How you patent is a reflection of how you lead. Whether you know it or not- your employees do and probably so does your spouse. Any and all of the leadership lessons I learned (and teach) are reflected in home life once a kid is part of the picture. I was lucky enough to get an early warning about this. How I was at home, especially when it was hard, crazy, noisy, exhausting or stressful was a bellwether for what I was likely doing at the office. the reverse was true as well. I knew that I wanted to raise an independent, capable, self-aware son, so paid attention to that at home. His visits at the office helped me see that I needed to be doing more of that at the office as well. “Love and Logic” parenting (look it up) applies to enabling leadership at the business, which lead to more time at home. similarly, Coaching Education made me a less directive, more present parent and spouse.
When my son was born- I had top tier status on 2 airlines attending to clients in what was a small consulting practice. I could not get off the road in a substantial way, so I made a few changes to remain connected:
1. When I was home. I was home. No laptop, no work as long as my wife and son were awake. We created as many opportunities for family time or for father and son time as we could.
2. I was an early adopter for remote video and no matter the time zone, made certain that we SAW each other as well as talked daily. Conversation was not much- but presence mattered.
3. As my son got old enough to get geography and mail and such, I started sending pictures, post cards (snail mail) and sharing stories of the road- good and bad. At 3 my son understood (sort of) travel delays and cancelled flights through the term “Adventures in Travel”. I would bring back something for the house (NOT a present for him) that gave us opportunities to talk about the world. And we did our level best to have 5 minutes of adult conversation without distraction as often as possible- with the agreement that it was not about logistics, household stuff, bills, schools or anything else that could be handled by email.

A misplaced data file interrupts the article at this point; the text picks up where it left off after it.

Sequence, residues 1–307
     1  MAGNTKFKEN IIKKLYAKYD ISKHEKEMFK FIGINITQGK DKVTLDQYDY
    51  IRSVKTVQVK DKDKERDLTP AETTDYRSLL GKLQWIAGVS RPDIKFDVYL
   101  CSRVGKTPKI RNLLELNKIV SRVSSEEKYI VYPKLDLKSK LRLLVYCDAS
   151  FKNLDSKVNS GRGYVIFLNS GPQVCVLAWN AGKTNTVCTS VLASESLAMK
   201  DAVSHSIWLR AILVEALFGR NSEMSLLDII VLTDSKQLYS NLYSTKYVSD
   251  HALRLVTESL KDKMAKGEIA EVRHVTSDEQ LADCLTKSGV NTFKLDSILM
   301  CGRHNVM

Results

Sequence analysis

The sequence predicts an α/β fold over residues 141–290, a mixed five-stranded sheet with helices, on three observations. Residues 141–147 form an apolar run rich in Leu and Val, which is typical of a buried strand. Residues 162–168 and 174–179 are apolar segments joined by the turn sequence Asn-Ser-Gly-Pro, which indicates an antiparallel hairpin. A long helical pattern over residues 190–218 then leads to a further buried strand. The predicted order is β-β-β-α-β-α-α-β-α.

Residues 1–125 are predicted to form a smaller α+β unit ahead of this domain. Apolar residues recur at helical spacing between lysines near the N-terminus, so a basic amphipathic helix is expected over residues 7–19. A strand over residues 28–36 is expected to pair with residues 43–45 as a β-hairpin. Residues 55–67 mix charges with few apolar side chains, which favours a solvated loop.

4. I worked (when I was in town) in a shared office suite. One of the other tenants brought her golden retriever, Buck, with her every day. If either my wife or our part-time nanny brought my son in, no matter what I was doing, I took a break. It was a short interruption since I knew that Buck was the real attraction.
5. It may sound counterintuitive, but a bore down on my time commitments to exercise and meditation. I realized early on that if I did not make time for what would sustain me, the addition of a child to a very full life would soon derail my ability to do anything well.
6. Perhaps more important than any of this was understanding that I was going to screw it up. What we were doing was hard and no amount of tech or effort was going to make it easier. It would barely make it possible. My wife and I made time to listen to each other and to talk about our fears and failures in as constructive, blame free ways as we could find. Some days were better than others.
In the end, we decided that as Lily Tomlin says “The problem with the rat race is, if you win, you are still a rat.” We realized that something had to give. We were not giving up each other or the kid- so we gave up the lifestyle. We moved from San Francisco to Little Rock, AR, providing more green grass and a less frenetic lifestyle. I went to work for a Fortune 400 running a business unit that was in my area of expertise. Still traveled heavily, but with much less stress and frenetics scheduling. My wife could spend a few years focusing on our son before launching her own small business.
If there is a lesson here it is that we were unable to make that big a change to our DINK lifestyle and sustain it. No matter how important your family is- being a spouse and a parent means that your decisions have an effect on those you love. In our case, we made a lifestyle decision we would NEVER have made without a kid.